I hated it so much I bailed out at the two-thirds mark and I NEVER do that.
Really, I loathed it. And I shouldn't have. I should have embraced it with the fervor of a lover long denied. Because I love urban fantasy. The first time I encountered it, in a mix of two of my favorite genres--mystery and fantasy--I felt like it had been invented JUST FOR ME. The first urban fantasy I can remember seeing on television was Cast a Deadly Spell that featured a noir-ish storyline with Fred Ward as a private detective who gets involved with mystic books and cults and a woman he saves from a dark fate. I loved it.
And then there were television shows like Poltergeist Legacy and the Dresden Files, and Warehouse
|Paul Blackwood as Harry Dresden|
And now there's Bright. Here's what I liked: Margaret Cho's in-your-face performance as a tough police sergeant. It was interesting casting and she was fine. I also liked Joel Edgerton as a gentle orc still trying to figure out how to deal with being "the first" of his kind. Although weirdly, it felt like he was channeling Dave Bautista's gentle giant character from Guardians of the Galaxy.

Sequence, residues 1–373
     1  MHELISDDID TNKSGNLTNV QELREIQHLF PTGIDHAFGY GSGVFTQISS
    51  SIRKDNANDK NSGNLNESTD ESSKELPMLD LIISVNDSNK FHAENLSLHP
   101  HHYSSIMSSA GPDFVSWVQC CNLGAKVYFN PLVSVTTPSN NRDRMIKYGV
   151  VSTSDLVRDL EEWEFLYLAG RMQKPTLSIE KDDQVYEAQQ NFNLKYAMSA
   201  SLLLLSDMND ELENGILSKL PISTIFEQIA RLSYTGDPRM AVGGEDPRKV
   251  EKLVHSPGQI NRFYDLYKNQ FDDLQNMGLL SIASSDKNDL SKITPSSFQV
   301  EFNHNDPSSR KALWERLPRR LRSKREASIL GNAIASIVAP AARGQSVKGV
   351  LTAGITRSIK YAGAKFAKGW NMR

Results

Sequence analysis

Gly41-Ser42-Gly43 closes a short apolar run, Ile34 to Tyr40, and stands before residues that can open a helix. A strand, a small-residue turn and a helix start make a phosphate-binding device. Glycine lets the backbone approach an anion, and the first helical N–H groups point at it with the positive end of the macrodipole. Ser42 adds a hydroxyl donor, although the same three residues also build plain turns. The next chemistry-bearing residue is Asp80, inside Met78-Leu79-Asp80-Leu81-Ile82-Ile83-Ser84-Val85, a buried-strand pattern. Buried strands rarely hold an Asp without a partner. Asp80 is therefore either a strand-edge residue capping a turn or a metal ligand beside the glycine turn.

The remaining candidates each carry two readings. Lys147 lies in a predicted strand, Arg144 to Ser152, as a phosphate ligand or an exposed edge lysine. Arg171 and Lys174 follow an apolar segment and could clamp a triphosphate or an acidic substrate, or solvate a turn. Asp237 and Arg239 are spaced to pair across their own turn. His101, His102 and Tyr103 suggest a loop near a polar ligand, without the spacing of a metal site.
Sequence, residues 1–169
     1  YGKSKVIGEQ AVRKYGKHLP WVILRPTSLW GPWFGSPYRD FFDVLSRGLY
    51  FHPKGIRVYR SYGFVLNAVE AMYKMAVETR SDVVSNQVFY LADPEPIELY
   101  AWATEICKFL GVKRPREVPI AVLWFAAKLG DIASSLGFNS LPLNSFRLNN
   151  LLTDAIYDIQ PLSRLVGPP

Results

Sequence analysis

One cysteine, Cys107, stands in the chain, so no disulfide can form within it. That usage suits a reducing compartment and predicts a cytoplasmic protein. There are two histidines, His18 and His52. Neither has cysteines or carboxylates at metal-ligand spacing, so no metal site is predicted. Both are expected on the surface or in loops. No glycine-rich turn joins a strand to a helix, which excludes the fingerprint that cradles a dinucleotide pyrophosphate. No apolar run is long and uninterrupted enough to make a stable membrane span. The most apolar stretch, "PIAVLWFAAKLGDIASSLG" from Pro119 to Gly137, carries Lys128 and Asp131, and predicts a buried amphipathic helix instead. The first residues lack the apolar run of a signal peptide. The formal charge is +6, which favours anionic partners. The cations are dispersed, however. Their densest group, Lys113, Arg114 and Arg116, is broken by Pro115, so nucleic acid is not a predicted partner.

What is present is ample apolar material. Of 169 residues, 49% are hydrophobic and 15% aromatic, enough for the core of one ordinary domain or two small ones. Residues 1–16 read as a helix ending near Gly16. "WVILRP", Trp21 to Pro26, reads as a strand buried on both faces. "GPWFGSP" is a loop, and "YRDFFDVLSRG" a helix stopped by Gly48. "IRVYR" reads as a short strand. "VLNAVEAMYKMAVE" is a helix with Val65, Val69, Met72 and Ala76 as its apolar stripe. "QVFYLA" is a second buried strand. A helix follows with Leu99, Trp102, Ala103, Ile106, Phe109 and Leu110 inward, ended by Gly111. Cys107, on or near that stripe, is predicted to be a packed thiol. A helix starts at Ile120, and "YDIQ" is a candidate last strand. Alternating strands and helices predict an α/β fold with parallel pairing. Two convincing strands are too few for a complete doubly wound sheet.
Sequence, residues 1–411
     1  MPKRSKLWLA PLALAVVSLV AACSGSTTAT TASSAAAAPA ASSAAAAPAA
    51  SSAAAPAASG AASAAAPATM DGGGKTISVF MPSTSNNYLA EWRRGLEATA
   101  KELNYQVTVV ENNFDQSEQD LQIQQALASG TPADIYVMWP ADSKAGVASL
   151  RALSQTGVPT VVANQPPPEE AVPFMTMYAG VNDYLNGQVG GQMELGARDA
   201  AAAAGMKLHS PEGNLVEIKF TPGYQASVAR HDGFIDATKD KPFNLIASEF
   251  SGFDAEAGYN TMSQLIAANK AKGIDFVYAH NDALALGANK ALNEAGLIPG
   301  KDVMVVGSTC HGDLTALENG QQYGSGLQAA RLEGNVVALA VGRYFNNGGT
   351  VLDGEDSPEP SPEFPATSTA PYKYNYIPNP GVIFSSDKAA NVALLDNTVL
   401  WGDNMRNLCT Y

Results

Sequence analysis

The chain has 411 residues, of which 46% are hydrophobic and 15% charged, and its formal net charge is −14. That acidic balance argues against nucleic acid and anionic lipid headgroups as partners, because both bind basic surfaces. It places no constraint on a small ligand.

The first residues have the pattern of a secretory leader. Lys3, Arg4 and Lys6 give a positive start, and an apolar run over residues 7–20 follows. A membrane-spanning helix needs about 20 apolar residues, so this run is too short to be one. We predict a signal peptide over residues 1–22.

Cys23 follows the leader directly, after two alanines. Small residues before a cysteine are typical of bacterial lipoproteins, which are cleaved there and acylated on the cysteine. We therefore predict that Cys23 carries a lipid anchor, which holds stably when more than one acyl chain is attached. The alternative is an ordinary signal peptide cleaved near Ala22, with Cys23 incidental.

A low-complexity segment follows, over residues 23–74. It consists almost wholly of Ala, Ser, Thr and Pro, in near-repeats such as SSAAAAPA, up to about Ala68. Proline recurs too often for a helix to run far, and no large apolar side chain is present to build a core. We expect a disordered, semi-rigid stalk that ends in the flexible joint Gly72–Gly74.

Here's what I hated about Bright: Everything else. It looked cheap. It looked like it had been filmed in sepia tone. The sound was muddy. But really, what I hated most was the cynical take on the world. And it's encapsulated in a scene that happens very early on in the movie when Will Smith's wife screams at him to kill the fairy who's been getting into their bird feeder. He doesn't want to kill the fairy, but she insists, so in front of a group of neighborhood gangbangers, who are vastly amused, he beats the fairy to death with a broom. It's not subtle. (And neither is the subtext. A cop beating a fairy to death? And just in case nobody GOT THE SUBTEXT, Will Smith has a line about "fairy lives don't matter today.)
I almost stopped watching right then and when I later mentioned it to friends on FB, a lot of people were in agreement. (One guy said he thought it was funny but I could not disagree more.) Will Smith is a wonderful actor. Here he seems to be phoning it in. His character is incredibly unlikable.
The movie was pretty polarizing. I checked out the Rotten Tomatoes reviews (My favorite had the line, "Orcs are the new black") and can see how polarizing it's been. And while as a UF fan I should be thrilled that there's now a sequel in the works, all I can think of are the many terrific UF series that would be great as television series or occasional movies. Max Landis, Bright's writer, may love the genre, but he relied on every tired trope and cliche in the business and delivered a heavy-handed social commentary along with it. I was sooooooo disappointed.